|Building Blue Bird Boxes. Credit: Tricia Lynch/USFWS|
Working for resource conservation and education! Throughout the year, Sewee volunteers work with refuge and forest staff to meet management goals and promote agency missions of conservation, protection, restoration and recreation. With a commitment to conservation, our volunteer support is invaluable.
What are our volunteers doing that enable us to manage and maintain our resources, provide quality services for visitors and, promote conservation education for our youth? Lots!!
Sewee volunteers are engaged in a variety of tasks which include:
- Providing visitors with information on forest and refuge resources and recreational opportunities
- Interpreting the cultural and natural history of the forest and refuge
- Presenting conservation education programs to youth
- Performing clerical and administrative tasks
- Providing computer and technological support
- Assisting with construction and maintenance projects
- Working with species and habitat management projects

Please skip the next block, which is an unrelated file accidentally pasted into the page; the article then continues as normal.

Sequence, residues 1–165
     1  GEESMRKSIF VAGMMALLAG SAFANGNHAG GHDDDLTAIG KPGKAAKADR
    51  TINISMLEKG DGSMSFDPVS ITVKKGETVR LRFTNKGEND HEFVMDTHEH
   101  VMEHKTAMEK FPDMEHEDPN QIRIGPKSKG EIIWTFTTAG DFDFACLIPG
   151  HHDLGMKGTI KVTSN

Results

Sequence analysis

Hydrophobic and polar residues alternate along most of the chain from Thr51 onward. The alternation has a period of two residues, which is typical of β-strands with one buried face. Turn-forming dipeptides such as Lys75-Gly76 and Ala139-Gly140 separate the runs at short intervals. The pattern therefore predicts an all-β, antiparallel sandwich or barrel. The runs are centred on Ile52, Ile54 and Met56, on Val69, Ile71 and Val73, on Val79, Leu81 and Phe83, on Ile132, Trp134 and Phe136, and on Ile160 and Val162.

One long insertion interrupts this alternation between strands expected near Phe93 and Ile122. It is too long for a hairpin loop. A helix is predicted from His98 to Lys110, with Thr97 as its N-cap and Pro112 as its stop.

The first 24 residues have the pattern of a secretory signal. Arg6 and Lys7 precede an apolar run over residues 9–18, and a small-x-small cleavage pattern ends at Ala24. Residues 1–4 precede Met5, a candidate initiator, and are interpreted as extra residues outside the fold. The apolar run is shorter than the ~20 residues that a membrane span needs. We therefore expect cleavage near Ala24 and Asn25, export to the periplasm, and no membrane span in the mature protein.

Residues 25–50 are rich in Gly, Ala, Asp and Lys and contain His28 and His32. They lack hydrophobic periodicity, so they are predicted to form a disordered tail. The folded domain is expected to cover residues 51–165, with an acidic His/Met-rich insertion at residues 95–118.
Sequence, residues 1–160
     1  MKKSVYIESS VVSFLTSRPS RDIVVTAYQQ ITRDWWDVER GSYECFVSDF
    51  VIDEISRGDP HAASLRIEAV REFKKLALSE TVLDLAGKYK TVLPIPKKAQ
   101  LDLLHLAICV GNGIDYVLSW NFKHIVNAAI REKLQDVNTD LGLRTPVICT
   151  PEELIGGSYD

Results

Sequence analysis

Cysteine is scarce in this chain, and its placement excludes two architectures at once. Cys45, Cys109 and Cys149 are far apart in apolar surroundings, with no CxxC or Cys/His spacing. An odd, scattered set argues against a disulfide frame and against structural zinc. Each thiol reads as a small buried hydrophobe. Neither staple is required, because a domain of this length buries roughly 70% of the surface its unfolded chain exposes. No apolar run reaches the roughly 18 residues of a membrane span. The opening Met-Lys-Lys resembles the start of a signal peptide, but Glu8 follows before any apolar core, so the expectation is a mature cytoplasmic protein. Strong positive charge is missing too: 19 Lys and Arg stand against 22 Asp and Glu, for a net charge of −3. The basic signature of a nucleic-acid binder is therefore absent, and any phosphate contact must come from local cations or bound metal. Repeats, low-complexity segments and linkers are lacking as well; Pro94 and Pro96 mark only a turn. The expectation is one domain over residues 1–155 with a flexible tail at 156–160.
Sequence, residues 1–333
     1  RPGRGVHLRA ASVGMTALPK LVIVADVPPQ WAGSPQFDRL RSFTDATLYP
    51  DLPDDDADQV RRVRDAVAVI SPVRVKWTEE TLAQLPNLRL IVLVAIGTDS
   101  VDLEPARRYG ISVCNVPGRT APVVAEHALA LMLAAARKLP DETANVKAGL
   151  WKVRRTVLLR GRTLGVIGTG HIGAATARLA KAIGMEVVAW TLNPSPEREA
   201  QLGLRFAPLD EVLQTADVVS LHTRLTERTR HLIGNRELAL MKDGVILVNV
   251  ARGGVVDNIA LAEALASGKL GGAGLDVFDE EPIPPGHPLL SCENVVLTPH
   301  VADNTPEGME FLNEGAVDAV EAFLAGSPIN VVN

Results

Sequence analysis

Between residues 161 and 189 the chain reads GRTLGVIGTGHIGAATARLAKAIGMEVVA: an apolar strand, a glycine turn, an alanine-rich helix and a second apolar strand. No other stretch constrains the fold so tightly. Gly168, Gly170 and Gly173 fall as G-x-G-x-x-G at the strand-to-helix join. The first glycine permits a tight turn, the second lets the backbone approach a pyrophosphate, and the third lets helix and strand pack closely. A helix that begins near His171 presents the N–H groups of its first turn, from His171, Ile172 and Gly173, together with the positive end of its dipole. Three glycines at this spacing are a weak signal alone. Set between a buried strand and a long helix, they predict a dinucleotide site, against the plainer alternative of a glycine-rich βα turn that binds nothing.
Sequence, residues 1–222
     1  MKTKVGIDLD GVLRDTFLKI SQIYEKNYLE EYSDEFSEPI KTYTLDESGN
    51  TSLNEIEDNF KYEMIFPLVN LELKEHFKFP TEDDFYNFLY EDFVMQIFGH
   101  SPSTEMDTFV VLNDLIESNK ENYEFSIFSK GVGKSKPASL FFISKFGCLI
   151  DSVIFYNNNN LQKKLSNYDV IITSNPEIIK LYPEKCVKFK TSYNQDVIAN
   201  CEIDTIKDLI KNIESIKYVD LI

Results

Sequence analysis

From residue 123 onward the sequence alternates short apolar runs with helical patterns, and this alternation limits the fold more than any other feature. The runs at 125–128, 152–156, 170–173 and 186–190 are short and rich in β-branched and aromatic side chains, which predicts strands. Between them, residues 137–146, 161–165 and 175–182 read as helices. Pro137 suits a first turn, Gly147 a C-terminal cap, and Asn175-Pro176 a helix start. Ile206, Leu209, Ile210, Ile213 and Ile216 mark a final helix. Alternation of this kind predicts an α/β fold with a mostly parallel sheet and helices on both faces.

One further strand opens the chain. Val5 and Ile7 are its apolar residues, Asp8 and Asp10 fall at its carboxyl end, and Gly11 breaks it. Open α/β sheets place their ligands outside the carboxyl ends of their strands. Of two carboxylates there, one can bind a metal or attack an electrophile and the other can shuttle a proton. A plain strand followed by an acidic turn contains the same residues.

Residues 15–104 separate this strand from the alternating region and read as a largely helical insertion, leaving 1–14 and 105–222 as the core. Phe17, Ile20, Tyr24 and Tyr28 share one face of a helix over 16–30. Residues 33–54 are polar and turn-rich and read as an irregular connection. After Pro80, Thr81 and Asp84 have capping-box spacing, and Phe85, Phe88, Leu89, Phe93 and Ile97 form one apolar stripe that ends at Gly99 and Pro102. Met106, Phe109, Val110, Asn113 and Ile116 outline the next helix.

Click on our newsletters below and enjoy reading about the many accomplishments and contributions our Volunteers have generously given to the Refuge and Sewee Visitor and Environmental Education Center, a facility jointly operated by the Cape Romain Refuge and Francis Marion National Forest:
|Volunteer Day at Bulls Island. Credit: Raye Nilius/USFWS|
VOLUNTEER NEWSLETTER 2011
VOLUNTEER NEWSLETTER 2010
VOLUNTEER NEWSLETTER 2009
VOLUNTEER NEWSLETTER 2008
VOLUNTEER NEWSLETTER 2007
Join the Sewee Volunteer Team
For more information on volunteer opportunities available at the Sewee Center, contact the Sewee Center
at (843) 928-3368 or email the volunteer coordinator.
View descriptions of the following volunteer positions (pdf format):Education
Sewee Grounds Maintenance
If you have an interest in working with us, please fill out the volunteer application. You may fax the application to 843.928.3828 or mail to the Sewee Visitor and Environmental Education Center, 5821 Hwy 17 North, Awendaw, SC 29429.
|Teaching Forest Ecology. Credit: USFWS||Southeastern Wildlife Expo.
Credit: Michelle Wrenn/USFS
Credit: Tricia Lynch/USFWS